A career is a journey that for many will last 30-40+ years. Like most journeys it is seldom boring, and even the best researched plans can take the traveler on a winding road of adventure, unforeseen hazards, and ultimate reward.
Back in 1990, Dr. Seuss wrote a book called, “Oh, the places you’ll go!” At first glance it looks like your typical children’s book. In typical Seuss style the book takes you on a sing-song tour meeting strange new creatures like Hakken-Kraks and Boom Bands. Interestingly the summary says: advice in rhyme for proceeding in life, weathering fear, loneliness and confusion; and being in charge of your actions. I think this is a pretty good description of your career and the journey we all take.
Some people set out meticulous plans. They know exactly what program and University they want to attend and what industry and company they want their first position to be with. These people are planning some of their first career goals. Similar to Seuss’s book, you set off on this adventure with plans and great expectations. You know what you want and you’re going to get it!
A plan is important. Essential in many cases, but how will you react when obstacles are put in your way?
Some journeys don’t have prescribed road maps. Roads are not always clearly marked and you have to make decisions based on the best information you have at that time. Do you go right or left? Do you wait, or take a chance on something different?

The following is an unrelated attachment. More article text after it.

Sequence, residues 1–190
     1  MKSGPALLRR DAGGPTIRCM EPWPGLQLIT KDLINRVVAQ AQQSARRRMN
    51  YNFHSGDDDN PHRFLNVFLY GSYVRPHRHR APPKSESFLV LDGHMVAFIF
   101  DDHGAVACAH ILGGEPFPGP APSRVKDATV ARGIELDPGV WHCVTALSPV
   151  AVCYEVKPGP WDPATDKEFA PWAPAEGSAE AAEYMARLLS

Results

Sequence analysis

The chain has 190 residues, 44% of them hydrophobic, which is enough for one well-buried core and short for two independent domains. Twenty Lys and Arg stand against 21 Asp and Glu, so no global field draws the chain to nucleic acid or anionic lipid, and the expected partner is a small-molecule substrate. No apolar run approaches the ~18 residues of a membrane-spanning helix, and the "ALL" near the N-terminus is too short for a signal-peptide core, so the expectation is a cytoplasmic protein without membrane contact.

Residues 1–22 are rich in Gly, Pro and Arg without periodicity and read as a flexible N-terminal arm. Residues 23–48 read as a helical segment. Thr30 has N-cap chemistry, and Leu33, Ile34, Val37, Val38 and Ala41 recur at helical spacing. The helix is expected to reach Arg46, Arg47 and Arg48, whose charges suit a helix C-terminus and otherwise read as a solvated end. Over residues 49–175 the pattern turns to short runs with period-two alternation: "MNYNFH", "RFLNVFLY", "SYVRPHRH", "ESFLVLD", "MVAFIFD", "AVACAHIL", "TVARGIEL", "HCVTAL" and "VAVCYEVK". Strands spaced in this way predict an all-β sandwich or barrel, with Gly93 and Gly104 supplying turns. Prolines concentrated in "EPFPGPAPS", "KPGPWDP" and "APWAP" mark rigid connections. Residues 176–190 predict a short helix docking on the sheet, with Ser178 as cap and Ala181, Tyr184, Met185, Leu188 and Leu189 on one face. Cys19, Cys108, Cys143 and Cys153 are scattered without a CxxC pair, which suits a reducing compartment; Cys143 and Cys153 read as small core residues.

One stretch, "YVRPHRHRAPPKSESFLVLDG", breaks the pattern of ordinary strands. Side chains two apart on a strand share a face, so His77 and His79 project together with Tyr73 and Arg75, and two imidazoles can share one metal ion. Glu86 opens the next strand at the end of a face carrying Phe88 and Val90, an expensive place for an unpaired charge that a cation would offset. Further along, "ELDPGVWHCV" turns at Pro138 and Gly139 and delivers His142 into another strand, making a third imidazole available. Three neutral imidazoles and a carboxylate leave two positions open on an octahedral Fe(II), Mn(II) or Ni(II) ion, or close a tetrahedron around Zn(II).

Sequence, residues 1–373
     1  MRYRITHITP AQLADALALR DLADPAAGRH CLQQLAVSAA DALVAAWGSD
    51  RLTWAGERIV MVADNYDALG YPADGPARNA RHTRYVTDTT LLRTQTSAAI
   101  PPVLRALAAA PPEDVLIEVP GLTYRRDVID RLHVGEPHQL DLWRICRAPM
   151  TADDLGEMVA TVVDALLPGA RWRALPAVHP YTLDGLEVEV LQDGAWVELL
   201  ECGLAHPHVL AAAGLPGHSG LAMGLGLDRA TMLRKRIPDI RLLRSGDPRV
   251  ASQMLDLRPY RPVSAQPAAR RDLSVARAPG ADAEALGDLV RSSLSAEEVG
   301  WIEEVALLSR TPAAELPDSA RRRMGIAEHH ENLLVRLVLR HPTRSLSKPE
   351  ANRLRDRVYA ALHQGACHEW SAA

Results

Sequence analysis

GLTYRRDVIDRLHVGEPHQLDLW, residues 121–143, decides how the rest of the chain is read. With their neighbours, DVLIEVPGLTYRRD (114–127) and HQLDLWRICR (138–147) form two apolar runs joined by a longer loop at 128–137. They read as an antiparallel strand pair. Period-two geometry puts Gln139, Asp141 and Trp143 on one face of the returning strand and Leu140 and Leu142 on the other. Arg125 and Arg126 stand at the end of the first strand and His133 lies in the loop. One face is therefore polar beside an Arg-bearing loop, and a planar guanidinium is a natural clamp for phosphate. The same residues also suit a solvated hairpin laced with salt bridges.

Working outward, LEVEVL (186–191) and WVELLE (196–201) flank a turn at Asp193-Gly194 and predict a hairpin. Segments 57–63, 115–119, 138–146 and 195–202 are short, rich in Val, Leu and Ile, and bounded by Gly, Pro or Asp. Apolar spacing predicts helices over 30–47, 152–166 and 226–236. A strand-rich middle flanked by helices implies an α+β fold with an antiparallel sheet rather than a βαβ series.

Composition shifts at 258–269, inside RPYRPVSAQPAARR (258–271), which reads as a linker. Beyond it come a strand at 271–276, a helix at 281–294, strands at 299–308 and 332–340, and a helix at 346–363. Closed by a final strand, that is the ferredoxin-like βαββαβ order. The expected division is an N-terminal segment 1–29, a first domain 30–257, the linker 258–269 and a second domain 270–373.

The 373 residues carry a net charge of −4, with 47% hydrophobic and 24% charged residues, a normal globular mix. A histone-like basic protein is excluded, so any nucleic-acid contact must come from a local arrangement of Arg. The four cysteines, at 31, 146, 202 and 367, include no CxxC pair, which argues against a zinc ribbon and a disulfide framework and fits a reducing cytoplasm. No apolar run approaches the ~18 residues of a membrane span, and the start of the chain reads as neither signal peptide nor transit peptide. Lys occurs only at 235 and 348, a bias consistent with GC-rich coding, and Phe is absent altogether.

Whatever the direction, try and avoid Seuss’s ‘waiting place’. This journey will test and confuse us at times, and fear of the unknown can be an enormous hurdle.
But the waiting place is a sure way to stall your career. Confusion and fear can stop us dead in our tracks. We stop taking control of our own career and start relying on others and happen-chance to make a decision for us. For many the waiting place is safe and easy. Decisions are put on hold, and for a short time you live in limbo. There are so many other people there also waiting; it’s easy to see why you could get too comfortable or lost in this place.
Press your reset button and get back on track. We become more knowledgeable after a few bumps in the road. Obstacles can be seen as an opportunity if you look at it from the right angle. We can learn to predict future detours based on reading company and marketplace signs. We can’t always avoid them, but preparation can greatly improve our recovery rate, and get us out of the waiting place much faster the next time.
Every time you think you have hit a dead-end in your career, reflect on what you have learned. There will always be things you couldn’t foresee, or control, but what did you do right? What could you have done differently? What did you learn from this experience to help you the next time your career goals are thrown a curve ball?
So set your goals and make your plans.
“Today is your day!
Your mountain is waiting.
So…get on your way!”
About the Author
Diane Cobbold is VP of Business Development in Lee Hecht Harrison Knightsbridge’s Career Solutions Practice. Diane has over 20 years of experience working with HR teams to develop career solutions that support departing and retained employees to realize their career goals through traditional programs and virtual resources.Follow on Twitter More Content by Diane Cobbold